Meanwhile, no one embodies the story of the divergent political paths of the two biggest former Soviet states more vividly than the journalists who reported on – and participated in – the rise of Russian democracy. And who now, as that democracy has collapsed, have found themselves forced to defect south, to Ukraine’s resurgent culture of pluralism.
Kisiliev’s weekly news show has only been on air since the beginning of the year, but when our flight landed in Kiev, I saw he had already made an impact: one of the border guards was a fan, and he whisked Kisiliev, his two producers and me, clinging to their coat-tails, to the front of the passport queue.
Uniformed officials in the former Soviet Union aren’t known to be either charmers or news junkies, so Kisiliev’s warm welcome began to answer one of my immediate questions about his new gig: how were Ukrainians responding to the appearance of Russia’s most famous TV newsman on their screens? Tension with Russia, after all, is the dominant fact of Ukrainian political life and, during a week in Ukraine this spring, I saw signs that at a popular level, too, Ukrainians were beginning to define themselves by their opposition to their former suzerain. My favourite example was the T-shirt I spotted on the flight from Kiev back to New York. Making a reference to the one-hour time difference between Ukraine and western Russia, it read: “Wake Up Ukraine! The Muscovite has already been up for an hour”.
Kisiliev says he and the owners of his new network had had the same reservations. “There were some doubts, fears that my arrival here would not be well-received. I do an analytical show, with commentary and opinion, and for a foreign journalist to do this, people worried it would look bad.”
Those worries were misplaced. For one thing, Kisiliev said, the Ukrainian political scene is “so open, it is not that hard to learn it”. Nor has language been much of a barrier. Most of the country is fluidly bilingual, especially in its public life. Kisiliev’s show, like debate in the Ukrainian parliament, is conducted in Ukrainian and Russian. He speaks Russian and his guests speak whichever language they prefer. When they opt for Ukrainian, he understands “90 to 95 per cent”; “I practise Ukrainian every day,” he said.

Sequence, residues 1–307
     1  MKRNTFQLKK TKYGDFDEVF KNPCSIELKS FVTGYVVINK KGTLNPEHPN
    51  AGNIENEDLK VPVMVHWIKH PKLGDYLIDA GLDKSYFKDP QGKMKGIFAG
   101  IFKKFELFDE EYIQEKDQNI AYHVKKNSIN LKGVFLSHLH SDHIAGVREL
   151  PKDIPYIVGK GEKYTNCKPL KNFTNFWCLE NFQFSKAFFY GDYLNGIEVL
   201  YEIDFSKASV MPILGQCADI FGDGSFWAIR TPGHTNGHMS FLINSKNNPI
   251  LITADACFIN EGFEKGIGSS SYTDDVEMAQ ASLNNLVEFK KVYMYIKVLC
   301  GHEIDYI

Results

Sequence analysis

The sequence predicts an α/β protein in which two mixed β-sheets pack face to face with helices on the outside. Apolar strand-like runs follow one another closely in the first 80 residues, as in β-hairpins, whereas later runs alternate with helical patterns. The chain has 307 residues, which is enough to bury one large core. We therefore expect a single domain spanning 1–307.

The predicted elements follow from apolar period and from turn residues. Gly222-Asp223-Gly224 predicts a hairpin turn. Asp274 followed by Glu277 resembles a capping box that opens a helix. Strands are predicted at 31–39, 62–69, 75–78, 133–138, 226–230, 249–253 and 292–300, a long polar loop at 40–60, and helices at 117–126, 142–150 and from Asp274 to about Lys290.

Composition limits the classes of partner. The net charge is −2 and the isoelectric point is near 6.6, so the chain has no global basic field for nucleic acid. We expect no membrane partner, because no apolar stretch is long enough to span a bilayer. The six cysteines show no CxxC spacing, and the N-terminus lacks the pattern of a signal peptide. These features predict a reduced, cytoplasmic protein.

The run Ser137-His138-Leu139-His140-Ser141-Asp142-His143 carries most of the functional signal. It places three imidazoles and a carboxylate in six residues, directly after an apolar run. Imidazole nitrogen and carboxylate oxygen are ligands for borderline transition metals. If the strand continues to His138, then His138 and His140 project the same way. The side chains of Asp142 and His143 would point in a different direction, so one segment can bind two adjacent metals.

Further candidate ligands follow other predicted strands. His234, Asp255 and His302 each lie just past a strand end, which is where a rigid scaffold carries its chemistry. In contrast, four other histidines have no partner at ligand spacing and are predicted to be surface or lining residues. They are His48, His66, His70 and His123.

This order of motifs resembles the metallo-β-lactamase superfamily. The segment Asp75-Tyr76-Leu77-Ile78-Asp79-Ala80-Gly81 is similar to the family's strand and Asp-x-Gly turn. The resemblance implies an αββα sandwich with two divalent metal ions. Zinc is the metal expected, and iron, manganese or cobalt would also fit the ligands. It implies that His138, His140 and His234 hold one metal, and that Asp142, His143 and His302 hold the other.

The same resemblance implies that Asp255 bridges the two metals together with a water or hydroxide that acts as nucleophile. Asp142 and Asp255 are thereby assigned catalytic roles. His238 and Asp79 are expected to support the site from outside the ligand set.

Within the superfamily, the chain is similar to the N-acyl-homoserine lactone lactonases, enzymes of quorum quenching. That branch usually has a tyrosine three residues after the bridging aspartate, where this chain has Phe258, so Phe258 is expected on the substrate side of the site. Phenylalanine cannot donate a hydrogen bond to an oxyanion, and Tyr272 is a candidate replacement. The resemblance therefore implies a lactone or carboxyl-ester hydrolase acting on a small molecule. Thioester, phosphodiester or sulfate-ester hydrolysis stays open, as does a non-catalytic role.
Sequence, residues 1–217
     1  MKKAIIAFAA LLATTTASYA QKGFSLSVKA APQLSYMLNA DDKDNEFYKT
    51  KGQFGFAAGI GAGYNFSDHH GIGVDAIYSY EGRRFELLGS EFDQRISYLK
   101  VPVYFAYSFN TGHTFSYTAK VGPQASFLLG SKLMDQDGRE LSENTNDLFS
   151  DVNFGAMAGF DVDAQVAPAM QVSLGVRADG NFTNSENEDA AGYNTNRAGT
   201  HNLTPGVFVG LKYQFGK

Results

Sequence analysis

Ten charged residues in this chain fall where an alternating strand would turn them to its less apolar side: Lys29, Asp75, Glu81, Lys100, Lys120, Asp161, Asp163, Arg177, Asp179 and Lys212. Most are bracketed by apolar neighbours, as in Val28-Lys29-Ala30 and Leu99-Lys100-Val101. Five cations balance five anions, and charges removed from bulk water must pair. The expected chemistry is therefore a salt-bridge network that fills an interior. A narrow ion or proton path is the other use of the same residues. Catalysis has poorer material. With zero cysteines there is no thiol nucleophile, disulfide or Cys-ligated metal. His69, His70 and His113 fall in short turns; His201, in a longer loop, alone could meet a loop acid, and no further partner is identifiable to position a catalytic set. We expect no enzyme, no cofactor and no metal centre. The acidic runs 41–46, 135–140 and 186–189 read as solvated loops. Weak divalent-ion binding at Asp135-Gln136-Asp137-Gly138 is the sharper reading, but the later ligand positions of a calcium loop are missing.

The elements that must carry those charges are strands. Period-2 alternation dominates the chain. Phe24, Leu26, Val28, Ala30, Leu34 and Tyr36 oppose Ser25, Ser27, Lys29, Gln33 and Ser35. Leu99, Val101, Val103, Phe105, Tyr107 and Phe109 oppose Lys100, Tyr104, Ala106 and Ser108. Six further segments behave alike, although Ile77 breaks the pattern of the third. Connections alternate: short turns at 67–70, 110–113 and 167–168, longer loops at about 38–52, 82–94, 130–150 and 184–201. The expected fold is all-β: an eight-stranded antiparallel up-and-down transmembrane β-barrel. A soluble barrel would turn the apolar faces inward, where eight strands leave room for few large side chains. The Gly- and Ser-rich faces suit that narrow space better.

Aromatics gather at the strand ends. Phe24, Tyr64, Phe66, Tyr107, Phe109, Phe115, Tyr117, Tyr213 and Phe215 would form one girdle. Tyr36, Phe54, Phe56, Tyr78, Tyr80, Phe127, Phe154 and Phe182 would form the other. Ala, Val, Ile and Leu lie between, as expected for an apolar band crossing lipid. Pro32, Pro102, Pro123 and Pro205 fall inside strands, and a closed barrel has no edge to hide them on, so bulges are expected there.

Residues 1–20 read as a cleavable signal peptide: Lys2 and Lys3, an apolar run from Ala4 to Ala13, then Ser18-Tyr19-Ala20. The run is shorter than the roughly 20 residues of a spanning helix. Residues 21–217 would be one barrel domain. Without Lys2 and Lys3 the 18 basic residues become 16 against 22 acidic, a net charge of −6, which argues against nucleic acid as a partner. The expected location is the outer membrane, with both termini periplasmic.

Nor are people suspicious that Kisiliev is in Kiev to advance Moscow’s political agenda. If his being forced off the airwaves by the Putin regime didn’t put paid to that possibility, hostile relations between his new station’s owners and the Russian government would: TVi, the start-up channel he appears on, is a private venture owned 50 per cent by Vladimir Gusinsky, the flamboyant Russian media oligarch who was forced into exile in 2001, and 50 per cent by Konstantin Kagalovsky, a fellow exile and former business partner of jailed oil baron Mikhail Khodorkovsky.
. . .
“Everyone here knows perfectly well that the current owners of the channel can in no way be seen as representatives of the Russian government,” Kisiliev explained. Kagalovsky agreed: “I haven’t been to Russia for five years. Gusinsky has criminal charges against him in Russia. No one will worry that this channel is advocating the Kremlin line.”
Later, when the mobile phone of one of the channel’s exiled Russian executives rang, I got a sense of how strong the team’s animosity towards Russia’s current rulers is. I noticed an image flash on to the phone’s screen, set to appear every time it rings – a photo of the Russian prime minister with the words “Fuck Putin!” superimposed on top.